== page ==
The UAE and Saudi Arabia are long-term allies in the region, with reports that their Governments’ political opponents and human rights activists have been victims of Pegasus spyware attempts.
“When we found the No 10 case, my jaw dropped,” John Scott-Railton, a senior researcher at the Citizen Lab, told the New Yorker.
The other cyber security breaches of phones in the Foreign Office were linked to the UAE, India, Cyprus and Jordan.
The activity of sophisticated spycraft by the UK’s supposed allies means that the rulebook on what is “culturally acceptable” for spy agencies to do may need to be rewritten, Tobias Ellwood, chairman of the Defence Select Committee, told The Telegraph.
“What this reflects is the fast-changing ability for agencies to assess what both friends and foes are up to,” he said.
“It’s almost galloped ahead of what is culturally acceptable in terms of what is acceptable between allies.
He said that the pace of technology such as Pegasus means that we “need to be careful as to how capabilities are put to use in order to avoid alienating critical strategic alliances”.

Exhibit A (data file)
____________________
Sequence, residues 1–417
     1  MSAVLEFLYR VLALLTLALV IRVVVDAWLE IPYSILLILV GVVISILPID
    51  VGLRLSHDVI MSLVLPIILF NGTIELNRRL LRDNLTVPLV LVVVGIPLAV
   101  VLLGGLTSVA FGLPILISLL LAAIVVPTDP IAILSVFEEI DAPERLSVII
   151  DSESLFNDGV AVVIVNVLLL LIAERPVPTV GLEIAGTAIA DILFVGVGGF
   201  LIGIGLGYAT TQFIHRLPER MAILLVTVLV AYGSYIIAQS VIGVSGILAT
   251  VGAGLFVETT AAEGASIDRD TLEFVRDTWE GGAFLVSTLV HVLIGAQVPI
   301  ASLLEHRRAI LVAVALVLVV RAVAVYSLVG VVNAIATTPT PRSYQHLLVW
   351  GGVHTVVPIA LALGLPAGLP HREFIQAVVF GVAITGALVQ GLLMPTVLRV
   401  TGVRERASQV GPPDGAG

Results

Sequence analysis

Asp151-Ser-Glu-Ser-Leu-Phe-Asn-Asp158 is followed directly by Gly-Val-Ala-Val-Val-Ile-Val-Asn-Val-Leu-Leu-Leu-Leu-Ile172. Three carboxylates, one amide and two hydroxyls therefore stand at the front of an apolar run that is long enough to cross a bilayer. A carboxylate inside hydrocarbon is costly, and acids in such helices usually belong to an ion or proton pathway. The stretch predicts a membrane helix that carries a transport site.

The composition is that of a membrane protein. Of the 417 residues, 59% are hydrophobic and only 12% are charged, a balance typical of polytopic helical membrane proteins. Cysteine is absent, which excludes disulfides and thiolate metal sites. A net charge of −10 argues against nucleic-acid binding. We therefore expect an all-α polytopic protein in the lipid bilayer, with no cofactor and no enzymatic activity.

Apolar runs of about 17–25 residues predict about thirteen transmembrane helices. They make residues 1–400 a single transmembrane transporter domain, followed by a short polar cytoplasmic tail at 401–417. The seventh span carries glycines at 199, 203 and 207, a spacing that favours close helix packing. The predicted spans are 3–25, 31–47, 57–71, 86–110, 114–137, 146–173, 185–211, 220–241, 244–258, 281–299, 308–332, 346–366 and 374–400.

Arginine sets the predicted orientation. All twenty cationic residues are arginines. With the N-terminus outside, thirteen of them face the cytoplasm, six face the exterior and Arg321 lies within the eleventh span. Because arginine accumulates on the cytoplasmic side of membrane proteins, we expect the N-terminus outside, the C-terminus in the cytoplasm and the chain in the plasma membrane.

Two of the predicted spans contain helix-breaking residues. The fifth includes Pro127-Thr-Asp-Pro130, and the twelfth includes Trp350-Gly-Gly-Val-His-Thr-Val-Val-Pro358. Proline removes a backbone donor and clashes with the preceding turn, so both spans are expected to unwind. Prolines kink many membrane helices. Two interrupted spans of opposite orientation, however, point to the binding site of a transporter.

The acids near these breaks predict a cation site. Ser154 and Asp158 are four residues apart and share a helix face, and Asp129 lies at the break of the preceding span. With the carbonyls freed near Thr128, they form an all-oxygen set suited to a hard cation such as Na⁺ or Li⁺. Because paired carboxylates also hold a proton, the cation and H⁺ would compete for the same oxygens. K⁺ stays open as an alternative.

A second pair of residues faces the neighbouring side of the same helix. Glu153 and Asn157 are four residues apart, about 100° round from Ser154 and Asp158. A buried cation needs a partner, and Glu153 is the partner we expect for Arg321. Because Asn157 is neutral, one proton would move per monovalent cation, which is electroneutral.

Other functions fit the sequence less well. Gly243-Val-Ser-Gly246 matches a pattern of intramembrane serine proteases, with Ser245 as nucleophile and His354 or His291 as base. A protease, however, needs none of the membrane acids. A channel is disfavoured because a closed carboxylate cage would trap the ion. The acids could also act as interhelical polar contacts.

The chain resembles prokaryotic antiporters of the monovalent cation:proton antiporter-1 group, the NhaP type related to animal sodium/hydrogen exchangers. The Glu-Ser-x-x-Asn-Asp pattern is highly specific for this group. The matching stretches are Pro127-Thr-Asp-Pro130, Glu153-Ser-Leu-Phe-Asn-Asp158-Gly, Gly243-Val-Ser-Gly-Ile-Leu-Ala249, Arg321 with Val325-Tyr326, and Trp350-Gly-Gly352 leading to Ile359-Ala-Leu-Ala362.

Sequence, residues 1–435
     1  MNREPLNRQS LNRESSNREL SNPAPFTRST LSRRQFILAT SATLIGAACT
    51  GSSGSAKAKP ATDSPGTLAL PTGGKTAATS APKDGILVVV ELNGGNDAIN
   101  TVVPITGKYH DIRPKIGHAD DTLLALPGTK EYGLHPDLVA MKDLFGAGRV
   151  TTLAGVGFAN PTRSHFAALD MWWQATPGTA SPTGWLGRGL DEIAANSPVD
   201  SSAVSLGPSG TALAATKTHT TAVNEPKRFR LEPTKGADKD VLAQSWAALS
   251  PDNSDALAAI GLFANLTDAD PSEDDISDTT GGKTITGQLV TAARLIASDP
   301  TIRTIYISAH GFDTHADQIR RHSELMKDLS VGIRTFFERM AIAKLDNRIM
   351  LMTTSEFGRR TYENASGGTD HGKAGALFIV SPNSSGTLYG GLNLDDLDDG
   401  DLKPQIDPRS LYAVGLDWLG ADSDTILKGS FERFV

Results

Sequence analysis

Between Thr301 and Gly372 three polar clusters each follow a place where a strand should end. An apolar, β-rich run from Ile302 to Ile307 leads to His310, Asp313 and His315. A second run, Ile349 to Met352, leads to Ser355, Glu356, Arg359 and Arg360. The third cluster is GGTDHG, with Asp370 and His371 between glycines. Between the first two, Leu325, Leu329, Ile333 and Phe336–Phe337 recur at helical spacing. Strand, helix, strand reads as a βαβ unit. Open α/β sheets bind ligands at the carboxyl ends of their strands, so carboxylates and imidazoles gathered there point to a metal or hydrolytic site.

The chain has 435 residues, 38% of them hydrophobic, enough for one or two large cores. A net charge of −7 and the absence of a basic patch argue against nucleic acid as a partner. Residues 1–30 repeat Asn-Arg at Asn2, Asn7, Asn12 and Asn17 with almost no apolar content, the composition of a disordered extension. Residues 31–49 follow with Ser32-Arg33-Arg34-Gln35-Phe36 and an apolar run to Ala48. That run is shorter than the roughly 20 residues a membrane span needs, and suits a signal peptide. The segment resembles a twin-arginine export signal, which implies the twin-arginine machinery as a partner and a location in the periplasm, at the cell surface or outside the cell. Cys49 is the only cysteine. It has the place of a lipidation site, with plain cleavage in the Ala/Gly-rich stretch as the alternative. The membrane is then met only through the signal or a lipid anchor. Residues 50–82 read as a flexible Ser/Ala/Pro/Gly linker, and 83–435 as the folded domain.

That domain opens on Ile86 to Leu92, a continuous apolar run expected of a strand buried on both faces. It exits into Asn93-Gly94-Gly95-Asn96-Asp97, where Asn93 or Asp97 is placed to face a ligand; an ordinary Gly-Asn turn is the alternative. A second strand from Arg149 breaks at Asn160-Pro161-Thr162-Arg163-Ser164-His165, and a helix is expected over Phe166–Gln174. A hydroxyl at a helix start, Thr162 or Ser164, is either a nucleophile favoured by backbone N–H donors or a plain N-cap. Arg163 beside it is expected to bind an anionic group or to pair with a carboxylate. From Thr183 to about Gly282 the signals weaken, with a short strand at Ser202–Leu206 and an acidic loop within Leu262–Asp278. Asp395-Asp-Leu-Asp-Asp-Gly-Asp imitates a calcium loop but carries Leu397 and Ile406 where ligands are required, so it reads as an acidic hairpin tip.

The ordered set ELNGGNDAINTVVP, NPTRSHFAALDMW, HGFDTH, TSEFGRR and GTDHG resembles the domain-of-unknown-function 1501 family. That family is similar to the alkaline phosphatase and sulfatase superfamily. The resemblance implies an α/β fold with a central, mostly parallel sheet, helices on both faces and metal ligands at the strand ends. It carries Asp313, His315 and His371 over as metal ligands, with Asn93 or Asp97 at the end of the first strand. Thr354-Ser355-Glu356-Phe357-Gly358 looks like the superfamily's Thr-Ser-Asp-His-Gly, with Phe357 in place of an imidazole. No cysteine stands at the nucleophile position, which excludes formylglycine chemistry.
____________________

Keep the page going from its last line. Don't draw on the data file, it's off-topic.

He suggested that officials should raise India’s suspected involvement on this week’s visit.
“The Prime Minister may not raise this directly, but it would be appropriate for the National Security Adviser to raise this in the side meetings that are likely to take place.”
He added that while the rules of the use of spyware may have been agreed between the “Five Eyes” countries (Australia, Canada, New Zealand, the US and the UK), these conversations “need to be done with India now”.
A government spokesman said: “We do not routinely comment on security matters.”
Last year, Sheikh Mohammed bin Rashid Al Maktoum, the UAE’s prime minister and ruler of Dubai, was ordered to pay £550million to his ex-wife Princess Haya following a High Court judgment.